Tales of Old Travel: Predecessors of David Malouf’s The Conversations at Curlow Creek
Malouf's choice of subject matter is not arbitrary. His story is one version of an archetypal Romantic story, whose particulars change according to the teller, but whose lineaments remain the same. In mainstream English fiction of the nineteenth century, it is the story of two men, one of whom succeeds and the other loses both his loved one and his inheritance. In response to this dual catastrophe he disappears, changes his name, and goes into exile, immersing himself in the mire and grime of existence, and feeling badly done by. The Australian variant is that the disappearance or exile takes place here. It is essentially a story about two similar people who travel to Australia in the early days and take the contrary paths which the country offers them, or of two warring potentialities within the same personality which are given rein in Australia.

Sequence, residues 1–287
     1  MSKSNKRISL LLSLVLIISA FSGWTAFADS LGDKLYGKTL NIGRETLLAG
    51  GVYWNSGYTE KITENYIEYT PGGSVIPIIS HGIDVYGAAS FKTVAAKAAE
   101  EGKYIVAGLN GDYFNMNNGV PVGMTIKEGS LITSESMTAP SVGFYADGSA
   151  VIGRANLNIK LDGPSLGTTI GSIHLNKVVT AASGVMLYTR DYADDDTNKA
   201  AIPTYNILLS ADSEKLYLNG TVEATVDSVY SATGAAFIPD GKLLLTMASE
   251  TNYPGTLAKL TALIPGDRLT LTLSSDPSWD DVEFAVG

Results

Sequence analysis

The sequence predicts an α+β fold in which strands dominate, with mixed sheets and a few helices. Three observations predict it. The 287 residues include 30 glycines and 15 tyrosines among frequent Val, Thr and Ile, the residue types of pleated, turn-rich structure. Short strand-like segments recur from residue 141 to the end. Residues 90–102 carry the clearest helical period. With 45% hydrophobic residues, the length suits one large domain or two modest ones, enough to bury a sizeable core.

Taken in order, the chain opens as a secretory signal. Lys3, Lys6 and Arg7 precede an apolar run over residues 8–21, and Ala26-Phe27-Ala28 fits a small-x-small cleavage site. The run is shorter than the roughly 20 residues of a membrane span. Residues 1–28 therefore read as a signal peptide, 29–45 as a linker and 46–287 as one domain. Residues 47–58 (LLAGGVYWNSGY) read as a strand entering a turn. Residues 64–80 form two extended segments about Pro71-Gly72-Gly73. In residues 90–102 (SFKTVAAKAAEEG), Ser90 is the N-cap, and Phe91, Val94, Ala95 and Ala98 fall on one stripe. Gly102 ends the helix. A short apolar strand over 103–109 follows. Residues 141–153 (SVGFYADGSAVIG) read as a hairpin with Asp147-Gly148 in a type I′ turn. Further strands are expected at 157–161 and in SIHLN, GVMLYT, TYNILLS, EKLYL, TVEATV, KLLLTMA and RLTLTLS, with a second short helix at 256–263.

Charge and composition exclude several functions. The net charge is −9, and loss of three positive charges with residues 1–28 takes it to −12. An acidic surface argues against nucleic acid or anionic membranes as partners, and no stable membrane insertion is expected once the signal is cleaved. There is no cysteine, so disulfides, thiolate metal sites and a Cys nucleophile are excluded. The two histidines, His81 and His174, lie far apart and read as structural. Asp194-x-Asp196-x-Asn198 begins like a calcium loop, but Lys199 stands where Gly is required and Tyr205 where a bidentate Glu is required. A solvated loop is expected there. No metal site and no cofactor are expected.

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Published 1 October 1997 in Volume 18 No. 2. Subjects: Australian culture, Australian novels & novelists, Bush, Myths & legends, Place & identity, Search for self identity, Self discovery, David Malouf.